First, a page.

9th March | SWX
Photos: Naomi Williams
Confidence has never been a problem for AJ Tracey. Leading up to the release of his first album, a mixtape here and an EP there whetted the appetites of young audiences, hungry for new material from the fast-rising rapper. Now, ever since the release of his eponymous debut album, it has only accelerated his rapid increase in visibility. That doesn’t appear to faze the twenty-three-year-old from Ladbroke Grove.
His rabid fanbase of die-hard teens show off with lit screens waving in the air and let balloons go flying around the venue. Despite their distractions, they pay attention to his every word, chant collectively and fire the aggressive bars of ‘Buster Cannon’ right back at him.
While the themes in his songs hardly deviate from cash, success and keeping rivals in check, he delivered the lines with the cheeky conviction that everyone loves him for. In one of his poppier grime tracks, ‘Doing It’ he admitted, “there’s pop stars that I’ve been and I’ve got a few that I’d want to.” It’s vague enough not to be outright rude, but provocative enough to entice a mass singalong.
Those expecting a major flex, like fellow rapper Fredo bringing out Drake at his Manchester gig on the same night, may have been disappointed. But guests don’t define a gig. ‘Secure the Bag!’ is evidence of that. It provoked the most activity, creating a mosh pit that was so big it – well it wasn’t actually good enough for the South London MC. So he restarted the song, hoping for a wilder response from fans. Did it work? Surprisingly, yes. You can’t say he isn’t a perfectionist.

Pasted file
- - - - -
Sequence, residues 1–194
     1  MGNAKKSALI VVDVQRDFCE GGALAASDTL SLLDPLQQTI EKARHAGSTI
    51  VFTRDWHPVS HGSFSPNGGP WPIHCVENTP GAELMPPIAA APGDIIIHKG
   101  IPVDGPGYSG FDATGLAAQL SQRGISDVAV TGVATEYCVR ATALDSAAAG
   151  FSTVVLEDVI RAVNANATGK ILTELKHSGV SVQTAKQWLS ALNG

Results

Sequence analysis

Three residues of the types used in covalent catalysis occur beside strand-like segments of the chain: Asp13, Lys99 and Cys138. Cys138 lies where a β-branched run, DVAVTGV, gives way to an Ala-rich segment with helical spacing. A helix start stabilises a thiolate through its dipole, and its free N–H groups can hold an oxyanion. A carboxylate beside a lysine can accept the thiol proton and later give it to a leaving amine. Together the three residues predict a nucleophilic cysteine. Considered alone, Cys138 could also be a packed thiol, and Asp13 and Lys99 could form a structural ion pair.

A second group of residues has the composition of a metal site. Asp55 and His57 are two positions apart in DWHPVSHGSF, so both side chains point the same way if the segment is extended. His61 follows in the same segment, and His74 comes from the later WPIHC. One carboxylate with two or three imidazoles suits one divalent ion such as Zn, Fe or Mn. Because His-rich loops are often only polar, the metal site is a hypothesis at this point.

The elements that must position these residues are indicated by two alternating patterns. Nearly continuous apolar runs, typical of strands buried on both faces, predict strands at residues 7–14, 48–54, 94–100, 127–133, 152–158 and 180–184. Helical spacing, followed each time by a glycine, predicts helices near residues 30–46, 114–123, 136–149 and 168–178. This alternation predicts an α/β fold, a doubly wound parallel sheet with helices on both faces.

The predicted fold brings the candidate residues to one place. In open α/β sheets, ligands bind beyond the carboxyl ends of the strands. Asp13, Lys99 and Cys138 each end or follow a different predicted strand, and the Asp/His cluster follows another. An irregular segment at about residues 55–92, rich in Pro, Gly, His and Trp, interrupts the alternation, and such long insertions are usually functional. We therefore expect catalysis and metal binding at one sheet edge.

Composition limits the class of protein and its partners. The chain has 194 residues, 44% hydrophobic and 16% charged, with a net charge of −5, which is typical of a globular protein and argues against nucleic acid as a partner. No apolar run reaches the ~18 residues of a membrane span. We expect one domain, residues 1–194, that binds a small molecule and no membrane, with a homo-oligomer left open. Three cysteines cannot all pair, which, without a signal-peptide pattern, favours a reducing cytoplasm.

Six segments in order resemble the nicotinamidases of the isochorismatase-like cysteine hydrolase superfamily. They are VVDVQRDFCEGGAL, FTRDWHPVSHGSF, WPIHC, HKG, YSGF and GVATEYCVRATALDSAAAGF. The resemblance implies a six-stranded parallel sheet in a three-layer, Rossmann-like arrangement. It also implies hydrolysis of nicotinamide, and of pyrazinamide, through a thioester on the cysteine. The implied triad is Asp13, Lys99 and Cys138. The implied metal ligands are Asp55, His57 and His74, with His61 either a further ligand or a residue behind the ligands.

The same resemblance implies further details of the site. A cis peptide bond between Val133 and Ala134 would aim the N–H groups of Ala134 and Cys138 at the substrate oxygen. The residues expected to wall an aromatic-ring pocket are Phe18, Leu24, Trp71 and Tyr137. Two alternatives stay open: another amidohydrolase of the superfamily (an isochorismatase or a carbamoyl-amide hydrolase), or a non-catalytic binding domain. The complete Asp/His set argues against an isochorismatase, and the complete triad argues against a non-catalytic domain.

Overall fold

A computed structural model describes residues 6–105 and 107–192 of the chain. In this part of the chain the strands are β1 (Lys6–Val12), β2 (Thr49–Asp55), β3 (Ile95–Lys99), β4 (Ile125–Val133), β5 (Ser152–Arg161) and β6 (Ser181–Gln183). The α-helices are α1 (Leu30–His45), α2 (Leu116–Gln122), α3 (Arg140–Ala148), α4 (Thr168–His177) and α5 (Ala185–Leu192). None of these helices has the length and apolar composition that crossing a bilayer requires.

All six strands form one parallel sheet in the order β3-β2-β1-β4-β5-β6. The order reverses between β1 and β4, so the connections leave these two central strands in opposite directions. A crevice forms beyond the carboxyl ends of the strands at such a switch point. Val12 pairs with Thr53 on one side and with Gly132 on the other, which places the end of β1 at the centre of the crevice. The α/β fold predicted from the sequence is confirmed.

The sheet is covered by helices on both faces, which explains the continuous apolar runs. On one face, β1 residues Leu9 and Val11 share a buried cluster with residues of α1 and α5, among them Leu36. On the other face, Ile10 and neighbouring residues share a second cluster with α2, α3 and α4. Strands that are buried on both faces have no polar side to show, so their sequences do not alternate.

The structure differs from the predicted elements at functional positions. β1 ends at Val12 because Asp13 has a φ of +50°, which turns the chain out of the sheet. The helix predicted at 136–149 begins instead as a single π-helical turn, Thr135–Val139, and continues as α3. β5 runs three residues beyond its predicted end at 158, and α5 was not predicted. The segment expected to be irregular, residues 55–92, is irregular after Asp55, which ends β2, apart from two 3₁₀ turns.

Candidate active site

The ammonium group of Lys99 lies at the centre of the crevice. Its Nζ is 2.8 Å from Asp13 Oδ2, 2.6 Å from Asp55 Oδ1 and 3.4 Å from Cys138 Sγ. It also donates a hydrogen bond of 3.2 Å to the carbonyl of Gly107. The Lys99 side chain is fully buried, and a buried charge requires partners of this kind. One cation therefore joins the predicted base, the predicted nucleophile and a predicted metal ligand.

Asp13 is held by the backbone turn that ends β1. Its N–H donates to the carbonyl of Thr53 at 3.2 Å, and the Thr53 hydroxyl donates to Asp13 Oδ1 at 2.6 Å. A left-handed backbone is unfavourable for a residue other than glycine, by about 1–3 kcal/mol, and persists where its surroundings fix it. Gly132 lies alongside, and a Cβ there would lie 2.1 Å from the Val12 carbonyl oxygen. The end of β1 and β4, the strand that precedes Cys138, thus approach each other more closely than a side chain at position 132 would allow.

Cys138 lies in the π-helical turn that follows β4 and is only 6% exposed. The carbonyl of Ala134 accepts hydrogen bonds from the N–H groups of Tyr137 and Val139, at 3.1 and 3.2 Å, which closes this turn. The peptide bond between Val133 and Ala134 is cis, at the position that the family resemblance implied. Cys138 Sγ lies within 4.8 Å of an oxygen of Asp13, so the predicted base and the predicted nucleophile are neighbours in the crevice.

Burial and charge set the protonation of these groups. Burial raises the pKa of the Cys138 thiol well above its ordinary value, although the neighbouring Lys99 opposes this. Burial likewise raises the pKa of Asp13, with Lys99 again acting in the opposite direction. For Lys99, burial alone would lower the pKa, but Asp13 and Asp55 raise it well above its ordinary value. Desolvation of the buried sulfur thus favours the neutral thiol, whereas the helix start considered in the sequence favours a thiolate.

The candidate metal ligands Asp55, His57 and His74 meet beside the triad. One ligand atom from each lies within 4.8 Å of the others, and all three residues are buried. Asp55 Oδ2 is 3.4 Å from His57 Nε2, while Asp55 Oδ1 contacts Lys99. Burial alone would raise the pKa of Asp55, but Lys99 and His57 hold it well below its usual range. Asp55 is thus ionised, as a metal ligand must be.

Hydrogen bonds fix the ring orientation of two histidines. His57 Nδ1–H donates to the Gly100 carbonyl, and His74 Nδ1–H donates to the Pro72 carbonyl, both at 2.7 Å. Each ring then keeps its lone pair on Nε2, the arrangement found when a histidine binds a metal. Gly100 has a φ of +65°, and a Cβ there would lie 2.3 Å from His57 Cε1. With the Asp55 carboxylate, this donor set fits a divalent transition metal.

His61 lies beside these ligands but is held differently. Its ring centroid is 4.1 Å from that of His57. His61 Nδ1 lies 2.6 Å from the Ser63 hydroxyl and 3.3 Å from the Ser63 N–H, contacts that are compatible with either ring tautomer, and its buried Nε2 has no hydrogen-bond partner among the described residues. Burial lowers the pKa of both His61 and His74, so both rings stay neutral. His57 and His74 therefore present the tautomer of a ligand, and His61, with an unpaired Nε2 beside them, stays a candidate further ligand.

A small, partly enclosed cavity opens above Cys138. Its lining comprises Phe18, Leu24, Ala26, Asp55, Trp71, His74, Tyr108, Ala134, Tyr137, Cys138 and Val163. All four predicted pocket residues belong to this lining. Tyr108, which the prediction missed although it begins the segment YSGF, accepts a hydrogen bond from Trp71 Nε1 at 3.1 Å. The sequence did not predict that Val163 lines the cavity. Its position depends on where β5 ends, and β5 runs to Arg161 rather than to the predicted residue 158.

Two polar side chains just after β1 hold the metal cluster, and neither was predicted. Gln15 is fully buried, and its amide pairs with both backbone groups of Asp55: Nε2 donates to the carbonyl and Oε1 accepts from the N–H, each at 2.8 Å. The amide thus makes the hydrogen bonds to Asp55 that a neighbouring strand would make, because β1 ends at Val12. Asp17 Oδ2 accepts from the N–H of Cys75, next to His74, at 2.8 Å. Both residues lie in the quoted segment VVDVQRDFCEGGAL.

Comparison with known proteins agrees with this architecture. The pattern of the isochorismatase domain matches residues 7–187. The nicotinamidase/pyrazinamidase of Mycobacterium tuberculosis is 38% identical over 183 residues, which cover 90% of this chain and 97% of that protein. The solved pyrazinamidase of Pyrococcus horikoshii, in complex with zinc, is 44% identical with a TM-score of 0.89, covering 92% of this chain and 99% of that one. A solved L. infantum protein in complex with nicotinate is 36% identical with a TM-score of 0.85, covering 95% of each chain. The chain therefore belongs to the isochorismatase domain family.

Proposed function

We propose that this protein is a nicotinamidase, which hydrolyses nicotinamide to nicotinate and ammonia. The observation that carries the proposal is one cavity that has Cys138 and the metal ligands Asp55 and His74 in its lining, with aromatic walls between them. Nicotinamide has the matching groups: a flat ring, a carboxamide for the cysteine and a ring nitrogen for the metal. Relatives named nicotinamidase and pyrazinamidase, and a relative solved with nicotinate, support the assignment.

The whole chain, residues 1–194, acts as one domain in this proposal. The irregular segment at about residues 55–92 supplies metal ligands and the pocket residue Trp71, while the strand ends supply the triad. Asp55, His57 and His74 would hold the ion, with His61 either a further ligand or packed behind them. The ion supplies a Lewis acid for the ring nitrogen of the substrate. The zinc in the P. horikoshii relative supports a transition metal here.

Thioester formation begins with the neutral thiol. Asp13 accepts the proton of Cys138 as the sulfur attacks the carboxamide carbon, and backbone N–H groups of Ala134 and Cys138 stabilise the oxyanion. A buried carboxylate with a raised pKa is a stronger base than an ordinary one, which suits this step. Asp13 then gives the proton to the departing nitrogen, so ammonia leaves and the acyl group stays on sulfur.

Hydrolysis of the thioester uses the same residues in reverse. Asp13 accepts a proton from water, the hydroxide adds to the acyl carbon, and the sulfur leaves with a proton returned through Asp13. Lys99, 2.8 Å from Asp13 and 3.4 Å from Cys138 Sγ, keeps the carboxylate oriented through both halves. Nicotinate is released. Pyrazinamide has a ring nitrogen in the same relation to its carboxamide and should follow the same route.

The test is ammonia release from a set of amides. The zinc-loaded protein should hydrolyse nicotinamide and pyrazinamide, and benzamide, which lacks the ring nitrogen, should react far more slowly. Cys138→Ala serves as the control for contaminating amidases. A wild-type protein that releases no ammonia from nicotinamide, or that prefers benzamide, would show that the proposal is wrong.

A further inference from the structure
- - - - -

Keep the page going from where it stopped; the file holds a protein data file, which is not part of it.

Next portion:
His ability to genre-hop so easily is his greatest strength. ‘Necklace’ may have taken the melodic guitar line from Craig David classic ‘Seven Days’ but he made it his own. Despite the generous auto-tune you hear on the album, on this song in particular, he retained the more harmonic shades of his voice in a live setting.
He shot back to the garage era he grew up with in ‘Ladbroke Grove’, which contained one of the fans’ favourite phrases, “AJ Tracey live and direct”, and ‘Butterflies’ was the dancehall crossover that won everyone over easily. Any slight changes in genre never appeared forced or too big a departure from his normal sound, but saw him playing at different strengths, whether focused more on singing or rapping.
He may be versatile in genre, but he is consistent in one respect: his unwavering confidence. Its a quality that, fortunately comes across as passion for the music. Without that we wouldn’t have the likes of ‘Psych Out’, his biggest hit of the night, thanks to the American trap that fuelled his best Young Thug impersonation.
There are few artists that manage to make both the boys and the girls take their shirts off at a gig, yet the Ladbroke Grove MC succeeds. Saying that, he has a huge amount of talent at his disposal and has a large handful of bangers to show for it. With so many directions to go in, who knows where he will take his music next. One thing is for sure – AJ Tracey isn’t just a rapper to keep an eye on, but an unpredictable star worth watching.
See the video for ‘Necklace’ (ft. Jay Critch) here: